Every different viewpoint ensures I will never run out of ways to be interested or people to learn from: from the young player looking forward to his draft year, to the guy getting the collegiate baseball experience, to the fresh-faced minor leaguer, to the salty indy ball vet, to the rookie, to the major leaguer who has seen it all, to the scout who signed him, to the front office executive who put him on the board, to the broadcaster whose voice somehow remains intact all year, to the communications team that keeps and hands out information, to the writers, bloggers and television personalities, to the fans…. And in that respect, I’m the same as a lot of other people I’ve come across in this sport.

I’m the same.


A competitive baseball player growing up, Alexis Budnicki has worked for the Toronto Blue Jays, and written for Baseball America, the Australian Baseball League and Canadian Baseball Network, among others. Follow her on Twitter @baseballexis.
newest oldest most voted
Carl
Guest
Carl

For the last 6-7 years I’ve rooted for Kim Ng to become a GM. After reading this, I’m now adding you to my front office rooting interest.

Alexis Brudnicki
Guest
Alexis Brudnicki

Thanks very much! It would be great to see more women in various levels of baseball and I am certainly rooting for more as well.

AK
Guest
AK

Go Lex go! We’re rooting for you too.

Alexis Brudnicki
Guest
Alexis Brudnicki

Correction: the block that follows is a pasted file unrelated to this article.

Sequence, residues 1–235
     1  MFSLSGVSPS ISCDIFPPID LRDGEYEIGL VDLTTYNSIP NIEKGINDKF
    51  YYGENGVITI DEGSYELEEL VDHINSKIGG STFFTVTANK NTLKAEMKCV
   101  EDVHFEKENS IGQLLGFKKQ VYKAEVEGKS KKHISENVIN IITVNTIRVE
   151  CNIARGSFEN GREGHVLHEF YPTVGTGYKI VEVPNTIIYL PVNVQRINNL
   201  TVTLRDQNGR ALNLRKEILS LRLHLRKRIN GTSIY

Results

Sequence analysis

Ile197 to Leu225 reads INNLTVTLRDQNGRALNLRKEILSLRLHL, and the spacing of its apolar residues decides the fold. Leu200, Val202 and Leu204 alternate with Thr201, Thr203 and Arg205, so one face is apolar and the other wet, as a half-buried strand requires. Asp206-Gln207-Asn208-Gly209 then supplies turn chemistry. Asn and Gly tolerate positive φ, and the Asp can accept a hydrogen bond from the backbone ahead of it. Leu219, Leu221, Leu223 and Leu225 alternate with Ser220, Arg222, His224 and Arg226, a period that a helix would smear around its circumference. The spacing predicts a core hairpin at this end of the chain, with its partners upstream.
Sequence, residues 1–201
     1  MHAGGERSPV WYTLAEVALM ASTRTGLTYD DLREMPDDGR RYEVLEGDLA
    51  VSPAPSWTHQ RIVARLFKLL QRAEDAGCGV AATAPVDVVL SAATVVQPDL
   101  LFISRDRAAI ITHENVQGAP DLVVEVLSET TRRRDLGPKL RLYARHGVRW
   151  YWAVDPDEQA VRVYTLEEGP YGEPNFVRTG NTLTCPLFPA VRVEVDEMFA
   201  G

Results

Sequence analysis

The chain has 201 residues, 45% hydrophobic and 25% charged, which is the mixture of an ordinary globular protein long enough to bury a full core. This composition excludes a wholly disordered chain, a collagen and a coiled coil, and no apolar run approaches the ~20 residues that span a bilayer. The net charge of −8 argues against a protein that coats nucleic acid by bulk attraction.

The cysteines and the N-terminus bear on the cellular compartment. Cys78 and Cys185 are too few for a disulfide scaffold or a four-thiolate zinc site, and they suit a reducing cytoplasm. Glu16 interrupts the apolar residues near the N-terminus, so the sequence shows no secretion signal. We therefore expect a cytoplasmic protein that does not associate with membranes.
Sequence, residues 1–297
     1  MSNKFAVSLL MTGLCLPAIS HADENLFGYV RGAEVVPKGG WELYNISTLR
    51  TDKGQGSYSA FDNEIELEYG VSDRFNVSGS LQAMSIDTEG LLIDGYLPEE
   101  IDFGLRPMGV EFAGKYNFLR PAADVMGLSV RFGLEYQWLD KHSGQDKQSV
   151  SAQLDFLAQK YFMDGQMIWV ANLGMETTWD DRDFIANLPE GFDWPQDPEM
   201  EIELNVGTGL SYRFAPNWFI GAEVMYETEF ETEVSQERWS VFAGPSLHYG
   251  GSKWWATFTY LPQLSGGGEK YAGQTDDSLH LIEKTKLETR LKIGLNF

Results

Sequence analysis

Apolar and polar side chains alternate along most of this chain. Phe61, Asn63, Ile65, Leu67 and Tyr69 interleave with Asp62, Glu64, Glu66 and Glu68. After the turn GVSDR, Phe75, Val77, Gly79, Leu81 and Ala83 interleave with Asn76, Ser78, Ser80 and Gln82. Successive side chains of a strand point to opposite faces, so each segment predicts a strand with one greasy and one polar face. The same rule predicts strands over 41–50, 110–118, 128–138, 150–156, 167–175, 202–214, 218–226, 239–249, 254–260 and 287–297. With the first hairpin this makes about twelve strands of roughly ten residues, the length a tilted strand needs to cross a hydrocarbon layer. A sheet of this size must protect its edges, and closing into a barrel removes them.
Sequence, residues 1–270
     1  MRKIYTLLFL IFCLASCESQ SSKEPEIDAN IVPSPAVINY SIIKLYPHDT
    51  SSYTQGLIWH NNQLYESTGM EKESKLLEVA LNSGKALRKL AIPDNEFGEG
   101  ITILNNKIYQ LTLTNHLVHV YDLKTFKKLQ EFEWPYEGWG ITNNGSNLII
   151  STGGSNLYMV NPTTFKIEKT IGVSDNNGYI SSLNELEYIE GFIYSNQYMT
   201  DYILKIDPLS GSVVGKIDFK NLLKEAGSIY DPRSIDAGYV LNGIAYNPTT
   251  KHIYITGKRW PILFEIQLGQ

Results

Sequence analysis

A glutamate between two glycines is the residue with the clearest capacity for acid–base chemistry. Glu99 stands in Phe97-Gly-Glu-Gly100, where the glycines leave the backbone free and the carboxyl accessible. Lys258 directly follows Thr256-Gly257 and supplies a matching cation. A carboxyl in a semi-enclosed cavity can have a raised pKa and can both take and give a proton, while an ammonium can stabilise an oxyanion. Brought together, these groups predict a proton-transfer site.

Thanks so much!

Frank Jackson
Guest
Frank Jackson

As far as “passion doesn’t pay bills”…no kidding. For my part, I found it preferable to hold down a “real” job that requires just 40 hours a week but provides me enough money to indulge my passions (in addition to baseball, movies, craft beer, reading, writing, travel) during the rest of my waking hours. Sad to say it, but there’s great job security in drudgery. It also helps if you remain single, as you will have more time and money to devote to your passions…or your indulgences.

Alexis Brudnicki
Guest
Alexis Brudnicki

I definitely agree, but I strongly hope that there is balance somewhere. It would be nice to continue to work at something I am passionate about, because it doesn’t feel like work, but what doesn’t feel like work doesn’t bring in the money that “real” work would, I suppose. It would be nice just to be able to get by sometimes.

Theresa gardiner
Guest
Theresa gardiner

Thank you for writing this. It gives me and many others an insight of all you have accomplished. Keep breaking that glass ceiling. In the end it will all be worth it.

Alexis Brudnicki
Guest
Alexis Brudnicki

Thank you. I hope that if nothing else, it helped some others feel as though they are not alone.

RADAR
Guest
RADAR

Thanks for writing this.
Fantastic read.

Alexis Brudnicki
Guest
Alexis Brudnicki

Thank you! And you are very welcome.

Bob
Guest
Bob

I came to one of those Pitchtalks events not knowing who you were at all. (I didn’t really know many of the speakers the first time)

But I think you are probably my favourite speaker at the event. To the point where I make special efforts to read or see you to support you – someone I hope “makes it”

Good luck. Please keep trying.

Alexis Brudnicki
Guest
Alexis Brudnicki